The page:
It's that time of year again, my friends. It's that time when we give thanks for one of our most precious and beloved freedoms.
Oh yes, I know that the Fourth of July is already over and that it's not yet Thanksgiving. But this, loyal readers, is Banned Books Week. This is the week (Sept. 23-30) when the American Library Association reminds us that the freedom to read is a freedom to be treasured -- and that there are people who would like to set themselves up as the arbiters of what other people (or other people's children) should or should not be able to check out of a library.
Some of the books people have tried to ban are J.D. Salinger's "Catcher in the Rye" (which among other things, deals with a teenage boy's awkward attempts at sexual escapades), and Dav Pilkey's comic "Captain Underpants" series, which is basically one long series of booger, poop and, yes, underwear jokes.
I'll admit I'm a bit of a Twain junkie, and I've always found this tale of Huck, the archetypal non-conformist, preferable to the more conventional "Tom Sawyer." Tom, after all, ends his book rich and working toward respectability, whereas Huck's tale ends with these immortal words: "I reckon I got to light out for the Territory ahead of the rest, because Aunt Sally's going to adopt me and sivilise me, and I can't stand it. I been there before."
Huck was a rock 'n' roller a hundred years before rock 'n roll existed.
It's not those anarchist sentiments, however, that raised the hackles of some of the Mrs. Grundys of the world and caused some to call for "Huck Finn" to be removed from school shelves.
Depressingly, it's not the Right that objects to Huck, it's the Left, who feel that Huck's use of a certain racial epithet beginning with "n" means he's a racist and thus, that the book promotes racist attitudes.
Well, I'll give those folks credit for at least being well-meaning, but I have to say it: A well-meaning bonehead is still a bonehead.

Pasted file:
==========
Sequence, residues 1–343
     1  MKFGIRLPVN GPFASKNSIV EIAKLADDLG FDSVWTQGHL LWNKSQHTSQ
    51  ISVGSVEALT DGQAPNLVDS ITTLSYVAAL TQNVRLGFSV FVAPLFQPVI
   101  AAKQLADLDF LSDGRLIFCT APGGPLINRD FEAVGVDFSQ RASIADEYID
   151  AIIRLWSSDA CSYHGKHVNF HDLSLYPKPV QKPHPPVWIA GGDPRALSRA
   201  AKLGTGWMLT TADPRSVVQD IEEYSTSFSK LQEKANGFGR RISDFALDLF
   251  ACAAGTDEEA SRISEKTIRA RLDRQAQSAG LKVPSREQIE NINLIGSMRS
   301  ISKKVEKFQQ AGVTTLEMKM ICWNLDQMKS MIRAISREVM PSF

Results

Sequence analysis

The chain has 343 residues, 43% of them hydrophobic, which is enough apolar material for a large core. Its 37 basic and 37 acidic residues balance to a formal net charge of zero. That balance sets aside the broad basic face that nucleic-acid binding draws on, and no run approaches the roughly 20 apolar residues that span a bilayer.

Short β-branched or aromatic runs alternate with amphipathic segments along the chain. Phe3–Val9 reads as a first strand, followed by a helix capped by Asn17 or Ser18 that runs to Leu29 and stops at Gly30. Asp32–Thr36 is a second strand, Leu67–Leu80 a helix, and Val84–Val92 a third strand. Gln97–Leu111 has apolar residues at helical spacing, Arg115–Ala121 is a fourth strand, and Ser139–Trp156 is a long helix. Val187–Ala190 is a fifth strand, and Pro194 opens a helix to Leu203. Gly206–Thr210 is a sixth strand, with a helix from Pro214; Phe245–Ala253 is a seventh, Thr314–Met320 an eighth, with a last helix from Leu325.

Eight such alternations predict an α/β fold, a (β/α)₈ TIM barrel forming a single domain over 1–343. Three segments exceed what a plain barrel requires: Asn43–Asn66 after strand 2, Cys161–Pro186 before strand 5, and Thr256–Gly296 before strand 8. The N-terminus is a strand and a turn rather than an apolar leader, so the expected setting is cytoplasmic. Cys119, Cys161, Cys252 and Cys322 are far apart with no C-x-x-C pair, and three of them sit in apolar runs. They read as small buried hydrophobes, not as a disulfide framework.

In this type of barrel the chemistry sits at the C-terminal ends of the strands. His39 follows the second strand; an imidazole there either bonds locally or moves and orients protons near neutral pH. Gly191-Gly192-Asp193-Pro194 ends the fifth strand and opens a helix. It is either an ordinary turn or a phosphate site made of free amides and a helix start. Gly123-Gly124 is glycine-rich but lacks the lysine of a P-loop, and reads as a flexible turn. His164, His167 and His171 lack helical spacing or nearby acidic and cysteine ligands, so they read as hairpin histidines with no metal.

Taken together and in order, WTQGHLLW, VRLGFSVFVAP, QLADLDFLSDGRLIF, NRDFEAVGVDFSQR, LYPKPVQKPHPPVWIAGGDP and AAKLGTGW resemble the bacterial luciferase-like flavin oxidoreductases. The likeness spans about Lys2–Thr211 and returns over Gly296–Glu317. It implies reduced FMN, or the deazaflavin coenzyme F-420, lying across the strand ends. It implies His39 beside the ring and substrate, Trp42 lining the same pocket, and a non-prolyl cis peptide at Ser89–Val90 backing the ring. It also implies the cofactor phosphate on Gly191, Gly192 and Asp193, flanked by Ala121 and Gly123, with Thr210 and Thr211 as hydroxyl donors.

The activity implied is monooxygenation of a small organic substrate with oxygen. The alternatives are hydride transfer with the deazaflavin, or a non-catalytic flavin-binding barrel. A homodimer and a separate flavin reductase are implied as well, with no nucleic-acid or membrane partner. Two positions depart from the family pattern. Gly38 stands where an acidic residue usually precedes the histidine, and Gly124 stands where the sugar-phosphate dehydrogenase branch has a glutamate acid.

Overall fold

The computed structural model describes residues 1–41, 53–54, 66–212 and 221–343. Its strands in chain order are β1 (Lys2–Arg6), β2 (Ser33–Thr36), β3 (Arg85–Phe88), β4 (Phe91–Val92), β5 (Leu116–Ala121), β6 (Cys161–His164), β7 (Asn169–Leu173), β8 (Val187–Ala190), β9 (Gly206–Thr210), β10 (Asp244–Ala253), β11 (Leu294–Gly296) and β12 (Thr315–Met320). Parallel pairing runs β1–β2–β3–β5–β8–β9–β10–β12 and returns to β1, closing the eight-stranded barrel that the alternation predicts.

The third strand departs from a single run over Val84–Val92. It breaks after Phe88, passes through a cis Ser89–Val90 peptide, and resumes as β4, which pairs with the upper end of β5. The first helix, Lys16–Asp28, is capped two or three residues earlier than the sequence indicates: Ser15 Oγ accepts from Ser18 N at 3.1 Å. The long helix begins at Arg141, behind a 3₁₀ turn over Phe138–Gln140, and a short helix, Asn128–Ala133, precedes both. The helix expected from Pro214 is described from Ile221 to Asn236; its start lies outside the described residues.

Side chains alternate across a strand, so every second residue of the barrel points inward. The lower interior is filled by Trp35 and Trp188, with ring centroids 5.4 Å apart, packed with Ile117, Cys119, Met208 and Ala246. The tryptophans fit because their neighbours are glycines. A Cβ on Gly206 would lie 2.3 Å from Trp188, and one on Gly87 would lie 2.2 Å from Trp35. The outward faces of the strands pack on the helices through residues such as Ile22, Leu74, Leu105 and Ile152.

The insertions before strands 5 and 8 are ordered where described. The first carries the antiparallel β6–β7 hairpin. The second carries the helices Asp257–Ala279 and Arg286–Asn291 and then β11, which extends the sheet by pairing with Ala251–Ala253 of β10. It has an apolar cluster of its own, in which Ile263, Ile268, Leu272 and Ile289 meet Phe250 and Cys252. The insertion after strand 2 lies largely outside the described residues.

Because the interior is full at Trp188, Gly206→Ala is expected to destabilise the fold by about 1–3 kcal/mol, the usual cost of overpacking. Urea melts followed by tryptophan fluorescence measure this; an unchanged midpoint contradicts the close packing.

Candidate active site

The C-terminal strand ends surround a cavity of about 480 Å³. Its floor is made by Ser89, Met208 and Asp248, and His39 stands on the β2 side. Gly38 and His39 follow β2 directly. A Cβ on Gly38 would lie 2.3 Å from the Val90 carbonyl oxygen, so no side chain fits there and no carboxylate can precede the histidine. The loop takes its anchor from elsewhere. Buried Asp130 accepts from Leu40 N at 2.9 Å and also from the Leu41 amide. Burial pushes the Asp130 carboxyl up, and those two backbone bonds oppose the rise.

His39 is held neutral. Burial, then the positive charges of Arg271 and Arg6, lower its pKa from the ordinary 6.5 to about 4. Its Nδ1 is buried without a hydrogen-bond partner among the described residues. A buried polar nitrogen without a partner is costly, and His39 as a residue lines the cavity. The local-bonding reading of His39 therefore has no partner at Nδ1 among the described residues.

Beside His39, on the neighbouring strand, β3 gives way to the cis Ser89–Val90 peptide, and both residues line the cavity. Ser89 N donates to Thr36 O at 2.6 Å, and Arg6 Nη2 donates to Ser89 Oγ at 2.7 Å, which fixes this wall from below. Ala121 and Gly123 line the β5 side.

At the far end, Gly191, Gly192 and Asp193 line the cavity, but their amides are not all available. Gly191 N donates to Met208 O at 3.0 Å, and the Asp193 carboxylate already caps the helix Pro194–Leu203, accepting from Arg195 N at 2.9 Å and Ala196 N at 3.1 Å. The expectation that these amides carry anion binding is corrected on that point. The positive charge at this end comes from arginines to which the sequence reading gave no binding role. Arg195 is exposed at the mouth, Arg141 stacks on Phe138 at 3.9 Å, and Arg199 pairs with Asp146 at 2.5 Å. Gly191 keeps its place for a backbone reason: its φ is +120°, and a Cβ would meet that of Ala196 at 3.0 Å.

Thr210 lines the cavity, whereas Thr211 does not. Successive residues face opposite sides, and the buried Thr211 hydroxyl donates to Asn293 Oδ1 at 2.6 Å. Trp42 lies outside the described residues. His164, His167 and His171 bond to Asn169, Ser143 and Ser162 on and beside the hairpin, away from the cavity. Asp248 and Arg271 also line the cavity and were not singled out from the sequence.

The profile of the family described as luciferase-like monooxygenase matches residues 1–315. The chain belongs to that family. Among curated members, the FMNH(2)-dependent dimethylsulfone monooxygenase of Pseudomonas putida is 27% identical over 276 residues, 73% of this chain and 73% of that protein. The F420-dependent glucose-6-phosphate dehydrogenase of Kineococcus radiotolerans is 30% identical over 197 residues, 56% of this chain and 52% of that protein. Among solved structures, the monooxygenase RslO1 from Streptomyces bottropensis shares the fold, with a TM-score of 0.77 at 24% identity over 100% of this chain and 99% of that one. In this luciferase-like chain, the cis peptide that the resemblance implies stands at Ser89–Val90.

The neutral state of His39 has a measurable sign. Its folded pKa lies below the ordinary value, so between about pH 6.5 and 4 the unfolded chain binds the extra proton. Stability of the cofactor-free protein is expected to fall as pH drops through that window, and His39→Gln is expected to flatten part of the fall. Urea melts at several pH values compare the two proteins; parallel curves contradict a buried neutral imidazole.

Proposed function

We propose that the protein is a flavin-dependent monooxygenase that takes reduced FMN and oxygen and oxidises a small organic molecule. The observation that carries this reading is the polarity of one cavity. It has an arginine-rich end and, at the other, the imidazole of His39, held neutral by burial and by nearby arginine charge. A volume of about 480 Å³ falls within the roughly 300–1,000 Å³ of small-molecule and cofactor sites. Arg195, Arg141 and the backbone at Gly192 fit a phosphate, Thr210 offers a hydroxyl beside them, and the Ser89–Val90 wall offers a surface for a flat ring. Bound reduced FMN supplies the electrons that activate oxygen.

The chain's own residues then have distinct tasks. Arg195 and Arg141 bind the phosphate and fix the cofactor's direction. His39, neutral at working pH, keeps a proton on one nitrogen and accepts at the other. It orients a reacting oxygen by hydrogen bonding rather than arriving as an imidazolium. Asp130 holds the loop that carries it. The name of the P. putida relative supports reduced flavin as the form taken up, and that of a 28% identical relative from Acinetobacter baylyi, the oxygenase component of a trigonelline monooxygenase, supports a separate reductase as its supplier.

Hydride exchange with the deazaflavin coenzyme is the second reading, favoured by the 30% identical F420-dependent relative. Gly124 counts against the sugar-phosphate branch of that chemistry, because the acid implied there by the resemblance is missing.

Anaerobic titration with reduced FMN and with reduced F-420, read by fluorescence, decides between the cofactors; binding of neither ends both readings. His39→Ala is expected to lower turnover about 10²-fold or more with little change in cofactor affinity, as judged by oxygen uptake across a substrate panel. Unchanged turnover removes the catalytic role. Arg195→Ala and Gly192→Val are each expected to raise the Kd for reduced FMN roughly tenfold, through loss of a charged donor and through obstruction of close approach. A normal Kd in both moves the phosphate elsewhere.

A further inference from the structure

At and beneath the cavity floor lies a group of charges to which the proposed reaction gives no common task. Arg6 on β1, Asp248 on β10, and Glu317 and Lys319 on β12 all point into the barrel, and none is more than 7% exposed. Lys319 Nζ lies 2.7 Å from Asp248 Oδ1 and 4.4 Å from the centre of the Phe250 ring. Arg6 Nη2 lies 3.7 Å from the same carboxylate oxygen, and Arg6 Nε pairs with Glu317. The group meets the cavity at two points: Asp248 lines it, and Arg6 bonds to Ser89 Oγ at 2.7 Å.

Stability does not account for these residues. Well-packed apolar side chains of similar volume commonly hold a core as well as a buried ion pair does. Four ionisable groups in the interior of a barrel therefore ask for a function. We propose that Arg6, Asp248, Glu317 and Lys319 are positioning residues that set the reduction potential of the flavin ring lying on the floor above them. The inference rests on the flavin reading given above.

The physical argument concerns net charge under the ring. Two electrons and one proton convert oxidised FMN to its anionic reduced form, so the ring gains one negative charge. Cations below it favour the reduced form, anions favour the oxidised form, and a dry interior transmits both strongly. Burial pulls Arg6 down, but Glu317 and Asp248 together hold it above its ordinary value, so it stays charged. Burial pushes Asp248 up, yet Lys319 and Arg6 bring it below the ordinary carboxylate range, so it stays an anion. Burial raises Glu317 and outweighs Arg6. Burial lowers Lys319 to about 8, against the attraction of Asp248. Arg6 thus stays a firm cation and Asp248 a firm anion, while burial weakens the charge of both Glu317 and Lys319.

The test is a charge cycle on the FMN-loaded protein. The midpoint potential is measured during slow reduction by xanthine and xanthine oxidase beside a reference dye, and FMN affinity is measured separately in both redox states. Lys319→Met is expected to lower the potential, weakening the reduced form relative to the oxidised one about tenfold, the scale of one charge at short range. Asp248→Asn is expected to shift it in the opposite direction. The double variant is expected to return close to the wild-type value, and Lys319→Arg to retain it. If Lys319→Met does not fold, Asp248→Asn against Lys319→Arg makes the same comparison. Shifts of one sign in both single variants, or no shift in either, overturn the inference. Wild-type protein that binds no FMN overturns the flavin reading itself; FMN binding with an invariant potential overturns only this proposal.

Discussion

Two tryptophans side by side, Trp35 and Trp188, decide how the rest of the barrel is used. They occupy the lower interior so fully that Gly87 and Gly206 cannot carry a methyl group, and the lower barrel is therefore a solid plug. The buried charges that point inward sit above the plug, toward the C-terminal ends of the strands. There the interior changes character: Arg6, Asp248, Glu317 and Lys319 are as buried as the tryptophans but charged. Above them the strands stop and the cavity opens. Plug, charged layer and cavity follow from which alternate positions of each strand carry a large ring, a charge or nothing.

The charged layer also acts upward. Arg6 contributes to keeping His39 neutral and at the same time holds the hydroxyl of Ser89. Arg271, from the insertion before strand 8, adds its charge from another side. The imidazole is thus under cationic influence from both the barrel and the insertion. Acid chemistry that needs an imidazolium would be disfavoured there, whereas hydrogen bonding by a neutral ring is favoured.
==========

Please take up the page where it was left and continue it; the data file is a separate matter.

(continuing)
Of course, Huck's a racist, or at least he starts out that way. He was raised in one of the most racist societies that ever existed in America, and it would stretch the reader's imagination to the snapping point if he were anything else.
The "n" word rolls off his tongue as easily as "an" or "the." That's what makes the story of his journey with Jim, the runaway slave who befriends him on his travels down the river, such an odyssey.
I don't think there's a more moving moment in American literature than the moment where Huck, who's convinced that helping Jim escape is a sin that will send him to hell, writes a note that will betray Jim to the slave-catchers.
"I felt good," Huck says, "and all washed clean of sin for the first time I had ever felt so in my life, and I knowed I could pray now. But I didn't do it straight off, but laid the paper down and set there thinking -- thinking how good it was all this happened so, and how near I come to being lost and going to hell."
But then, Huck starts to think. He thinks about the things they've been through together and all the things Jim's done to look out for him. He reaches a moment of decision: "I was a-trembling, because I'd got to decide, forever, betwixt two things, and I knowed it. I studied a minute, sort of holding my breath, and then says to myself: 'All right, then, I'll go to hell' -- and tore [the note] up."
I've read that scene a few dozen times, and it still chokes me up. Think about it. This young man, who's probably heard some pretty graphic descriptions of hell in his life, and who's been brought up to believe that people like Jim are less than human, chooses to risk that fire rather than betray his friend.
At that moment, Huck casts aside everything he's been raised to believe to follow what he knows in his heart to be true.
That moment wouldn't be nearly as profound had Huck not started out where he did, namely poor white trash who thought nothing of referring to men like Jim using that despised "n" word.
So, you may ask, what do Salinger's Holden Caulfield, Captain Underpants and Huck Finn have in common? They all deal with things that maybe we'd all like to pretend don't exist: awkward teenage sexuality, racism, and, yes, boogers.
But anyone who thinks that small children don't already spend a lot of time time laughing about boogers, poop and underwear obviously hasn't spent much time around small children. Anyone who thinks teenage boys don't think about sex has either never been a teenaged boy or has forgotten what it's like.
Anyone who'd like to deny that some people start off racist -- and learn better -- obviously doesn't have much understanding of or faith in humanity. And anyone who thinks we can make these things go away by pulling books that deal with these topics off library shelves is living in a dream world.
Dusty Rhoades lives, writes, practices law and reads banned books in Carthage.